It’s not about whether we should have social platforms, but rather how we work in a world where social platforms are not owned by any one entity.

In a decentralized world, social platforms are not owned by any one individual or conglomerate and technically, as the user, you should have full control of your content, both what you say and what you see.

The person that is willing to say yes to experience is the person who discovers new frontiers. – John Templeton

It’s not a perfect setup, but it works. For me, a slight inconvenience is worth the idea of owning your own information and breaking the dependency that comes with closed platforms.

The real power, however, of an ecosystem like this hasn’t been fully realized yet. Which makes it so fascinating.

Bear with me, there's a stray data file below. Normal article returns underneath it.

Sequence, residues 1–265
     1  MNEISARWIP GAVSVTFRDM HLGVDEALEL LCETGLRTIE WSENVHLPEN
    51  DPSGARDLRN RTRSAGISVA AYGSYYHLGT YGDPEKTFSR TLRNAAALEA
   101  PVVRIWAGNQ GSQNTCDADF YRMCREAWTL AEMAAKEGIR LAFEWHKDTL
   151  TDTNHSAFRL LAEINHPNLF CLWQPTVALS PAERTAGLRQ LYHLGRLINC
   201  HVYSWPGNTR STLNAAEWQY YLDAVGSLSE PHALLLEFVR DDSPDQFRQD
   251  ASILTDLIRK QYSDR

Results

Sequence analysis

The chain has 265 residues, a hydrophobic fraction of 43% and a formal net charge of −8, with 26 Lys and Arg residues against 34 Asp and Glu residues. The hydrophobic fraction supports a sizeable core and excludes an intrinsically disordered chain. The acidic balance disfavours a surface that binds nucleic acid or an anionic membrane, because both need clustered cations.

Imagine a world where governments had their own instances. No one entity could kill their voice. Instances could choose not to accept them, but it’s not a global instance. We saw that with a number of instances and Gab, but that’s a choice of the instance.

This same principle could be applied to communities. Imagine a WordPress, Drupal, Joomla instance? Imagine companies with their own instances for their employees or customers?

The ability to have a decentralized social platform is here, and the idea of shifting the power from a conglomerate to those that own the content is something we should consider.

Want to engage? Chat with me here: noc.social/@perezbox